I found it intriguing that the first question asked at both Q&A sessions revolved around Director Hong's characters being involved in the film industry. Was this due, Director Hong was asked, because as a filmmaker he is personally involved with the characters and the writing? Or is there some special significance about his characters being involved in filmmaking?
Developing his characters and situational choices are an intuitive process for Director Hong. He isn't necessarily trying to be autobiographical. It's just what he knows and what he thinks of automatically when he's configuring his scripts. He purposely folds in fictional elements to veer away from sheer autobiography.
I asked about the structure of Virgin Stripped Bare and what his intention had been in numbering the chapters? Director Hong replied quite candidly that it had been such a long time since he'd made the film that he couldn't quite remember what he had intended. The structure was what it was. But as he had come in to watch the last of the film, he quite enjoyed it and was grateful to have worked with the actress Eun-ju Lee who, sadly, at the age of 25 took her own life.
With regard to the numbered structure, I probably gained more insight afterwards by a user comment at IMdb by someone named "Callisto" who indicated that the seven days or stages of the courtship start out from Jae-hoon's point of view, and then shift to the same seven days/stages from Soo-jung's perspective, or memory. "The differences are subtle but I felt they were very real," Callisto writes. "People tend to have different perception[s] of the same event, or they may remember different salient points, or even mix up memories. For example, in one kissing scene, [Jae-hoon] remembers sweeping a fork off the table while Soo-jung thought it was a spoon. The events and dialogue also get mixed up as memories get hazy. For instance, a particular dialogue about drinking took place in two places in the different versions." Using the fallibility of memory as a narrative structure lends to what has frequently been described as the film's Rashomon-effect. One audience member asked if Director Hong had purposely intended to emulate Rashomon? Though admitting that he likes the film Rashomon very much, Director Hong said he did not have that reference in mind when he created Virgin. If anything, influenced by many sources, whenever Director Hong does something wrong in a film, these influences speak up in his psyche to correct him.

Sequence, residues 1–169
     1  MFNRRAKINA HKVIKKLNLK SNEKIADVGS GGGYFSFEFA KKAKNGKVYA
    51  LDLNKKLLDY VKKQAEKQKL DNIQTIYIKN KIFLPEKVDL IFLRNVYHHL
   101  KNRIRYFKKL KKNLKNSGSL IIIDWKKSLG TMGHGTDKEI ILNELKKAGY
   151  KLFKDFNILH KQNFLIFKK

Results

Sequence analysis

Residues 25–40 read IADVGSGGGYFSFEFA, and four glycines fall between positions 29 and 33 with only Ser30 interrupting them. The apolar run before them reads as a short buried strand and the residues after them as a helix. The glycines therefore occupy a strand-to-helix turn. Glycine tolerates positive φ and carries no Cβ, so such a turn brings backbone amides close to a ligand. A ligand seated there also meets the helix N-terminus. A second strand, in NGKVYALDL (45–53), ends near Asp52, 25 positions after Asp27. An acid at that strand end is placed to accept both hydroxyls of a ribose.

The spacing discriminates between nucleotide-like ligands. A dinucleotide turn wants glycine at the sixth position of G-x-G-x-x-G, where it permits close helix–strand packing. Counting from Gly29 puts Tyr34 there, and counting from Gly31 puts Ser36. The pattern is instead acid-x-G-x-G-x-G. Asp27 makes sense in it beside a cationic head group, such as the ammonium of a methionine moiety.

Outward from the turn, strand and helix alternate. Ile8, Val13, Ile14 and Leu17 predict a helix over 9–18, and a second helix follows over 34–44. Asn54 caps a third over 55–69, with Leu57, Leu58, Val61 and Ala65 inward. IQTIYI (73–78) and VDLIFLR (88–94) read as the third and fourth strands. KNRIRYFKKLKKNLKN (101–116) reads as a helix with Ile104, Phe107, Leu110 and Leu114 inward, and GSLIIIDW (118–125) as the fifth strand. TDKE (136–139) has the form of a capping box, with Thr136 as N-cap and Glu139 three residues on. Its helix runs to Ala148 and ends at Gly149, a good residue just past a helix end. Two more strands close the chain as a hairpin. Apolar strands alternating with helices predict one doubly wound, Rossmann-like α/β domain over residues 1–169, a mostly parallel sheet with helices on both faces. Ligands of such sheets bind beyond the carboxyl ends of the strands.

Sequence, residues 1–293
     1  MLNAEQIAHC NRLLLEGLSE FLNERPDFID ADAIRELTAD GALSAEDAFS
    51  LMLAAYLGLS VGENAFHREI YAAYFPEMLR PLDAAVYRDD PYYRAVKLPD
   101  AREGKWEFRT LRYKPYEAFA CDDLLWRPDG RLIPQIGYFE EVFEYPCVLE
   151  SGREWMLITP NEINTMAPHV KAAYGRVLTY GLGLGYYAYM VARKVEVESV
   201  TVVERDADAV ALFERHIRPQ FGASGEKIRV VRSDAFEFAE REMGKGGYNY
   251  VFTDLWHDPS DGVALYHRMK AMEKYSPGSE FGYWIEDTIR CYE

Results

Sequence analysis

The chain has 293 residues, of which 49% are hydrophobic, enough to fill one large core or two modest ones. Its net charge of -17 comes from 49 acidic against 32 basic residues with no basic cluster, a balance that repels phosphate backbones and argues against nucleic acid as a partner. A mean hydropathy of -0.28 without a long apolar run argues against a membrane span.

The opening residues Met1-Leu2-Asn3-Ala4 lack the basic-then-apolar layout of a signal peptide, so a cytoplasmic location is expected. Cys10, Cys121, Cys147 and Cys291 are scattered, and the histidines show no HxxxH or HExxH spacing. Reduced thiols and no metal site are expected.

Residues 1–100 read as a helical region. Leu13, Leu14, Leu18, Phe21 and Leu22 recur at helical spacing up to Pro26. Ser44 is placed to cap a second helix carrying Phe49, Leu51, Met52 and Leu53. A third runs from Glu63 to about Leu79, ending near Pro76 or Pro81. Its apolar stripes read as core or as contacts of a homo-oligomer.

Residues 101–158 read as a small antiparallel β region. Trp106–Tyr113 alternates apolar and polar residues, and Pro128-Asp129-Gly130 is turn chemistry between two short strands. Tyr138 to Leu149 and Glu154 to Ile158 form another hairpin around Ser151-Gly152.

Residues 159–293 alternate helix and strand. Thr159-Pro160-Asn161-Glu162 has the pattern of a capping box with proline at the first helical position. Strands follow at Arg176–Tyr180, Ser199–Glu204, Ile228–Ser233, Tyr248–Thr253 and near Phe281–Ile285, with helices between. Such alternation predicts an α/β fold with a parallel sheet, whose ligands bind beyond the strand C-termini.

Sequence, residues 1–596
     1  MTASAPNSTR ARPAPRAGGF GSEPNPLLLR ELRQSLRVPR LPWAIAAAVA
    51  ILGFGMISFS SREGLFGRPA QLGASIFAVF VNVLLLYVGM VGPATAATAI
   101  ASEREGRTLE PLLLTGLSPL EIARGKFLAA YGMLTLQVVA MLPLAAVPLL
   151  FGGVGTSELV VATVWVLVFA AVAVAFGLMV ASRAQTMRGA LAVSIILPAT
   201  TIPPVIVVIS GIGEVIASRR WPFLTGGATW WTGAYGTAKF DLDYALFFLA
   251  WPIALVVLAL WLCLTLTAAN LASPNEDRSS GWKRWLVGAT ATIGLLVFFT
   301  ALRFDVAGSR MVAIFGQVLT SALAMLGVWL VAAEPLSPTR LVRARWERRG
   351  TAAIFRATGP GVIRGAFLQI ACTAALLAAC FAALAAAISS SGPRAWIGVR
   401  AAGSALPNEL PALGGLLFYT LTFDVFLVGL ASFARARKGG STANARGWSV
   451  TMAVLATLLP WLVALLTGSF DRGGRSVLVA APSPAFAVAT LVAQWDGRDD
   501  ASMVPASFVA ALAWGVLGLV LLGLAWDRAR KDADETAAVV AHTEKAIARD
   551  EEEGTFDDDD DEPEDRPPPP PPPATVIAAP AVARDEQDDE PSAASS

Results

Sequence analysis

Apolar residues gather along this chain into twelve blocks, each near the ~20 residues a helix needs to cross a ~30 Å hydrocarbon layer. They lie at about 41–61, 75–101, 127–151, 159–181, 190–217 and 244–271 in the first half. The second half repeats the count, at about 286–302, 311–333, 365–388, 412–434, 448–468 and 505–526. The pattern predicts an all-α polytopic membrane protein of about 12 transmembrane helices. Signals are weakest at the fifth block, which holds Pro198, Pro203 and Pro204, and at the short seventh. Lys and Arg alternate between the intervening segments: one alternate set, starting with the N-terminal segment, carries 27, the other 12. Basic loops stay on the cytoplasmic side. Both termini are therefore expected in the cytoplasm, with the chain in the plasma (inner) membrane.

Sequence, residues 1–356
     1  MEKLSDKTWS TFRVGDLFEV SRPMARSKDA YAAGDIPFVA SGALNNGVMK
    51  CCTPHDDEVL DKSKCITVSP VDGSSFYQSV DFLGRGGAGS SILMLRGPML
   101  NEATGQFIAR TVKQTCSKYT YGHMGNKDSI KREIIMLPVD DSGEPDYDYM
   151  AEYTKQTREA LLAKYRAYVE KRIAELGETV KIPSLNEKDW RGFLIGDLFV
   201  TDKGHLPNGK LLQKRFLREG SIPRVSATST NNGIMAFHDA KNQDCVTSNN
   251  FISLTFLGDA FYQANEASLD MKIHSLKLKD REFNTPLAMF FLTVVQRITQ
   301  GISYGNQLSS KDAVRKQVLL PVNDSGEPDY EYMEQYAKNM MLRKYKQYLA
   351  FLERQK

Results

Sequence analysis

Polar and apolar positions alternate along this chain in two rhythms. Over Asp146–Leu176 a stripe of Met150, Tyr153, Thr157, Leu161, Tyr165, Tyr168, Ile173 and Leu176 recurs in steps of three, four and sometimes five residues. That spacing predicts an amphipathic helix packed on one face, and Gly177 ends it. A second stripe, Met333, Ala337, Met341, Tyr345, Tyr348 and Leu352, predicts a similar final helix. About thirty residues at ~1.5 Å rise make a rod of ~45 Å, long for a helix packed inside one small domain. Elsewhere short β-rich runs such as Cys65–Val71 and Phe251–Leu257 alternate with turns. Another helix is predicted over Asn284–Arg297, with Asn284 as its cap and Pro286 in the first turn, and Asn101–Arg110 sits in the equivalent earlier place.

Further, I gained insight from the comments of one audience member who stated: "I'm curious about the structure of the episodes. There's like almost two halves but they're not mirror images. They seem to be variants of possible ways [this relationship] could play out. The two men seem to be in competition for the woman's affections to varying degrees in different episodes and she is either intrigued by one or the other or not; she's diffident. What's amazing to me is how deep you go with the characters. How you show them warts and all. And the interesting thing about whether they even know who they're with! Most obviously when the guy says the other girl's name when he's making love to [Soo-jung]. I think that's so true in a way but I've rarely seen that in a film, even in novels. The other comment was simply on the [carousel-like] music, how it cues us to the comedy of errors."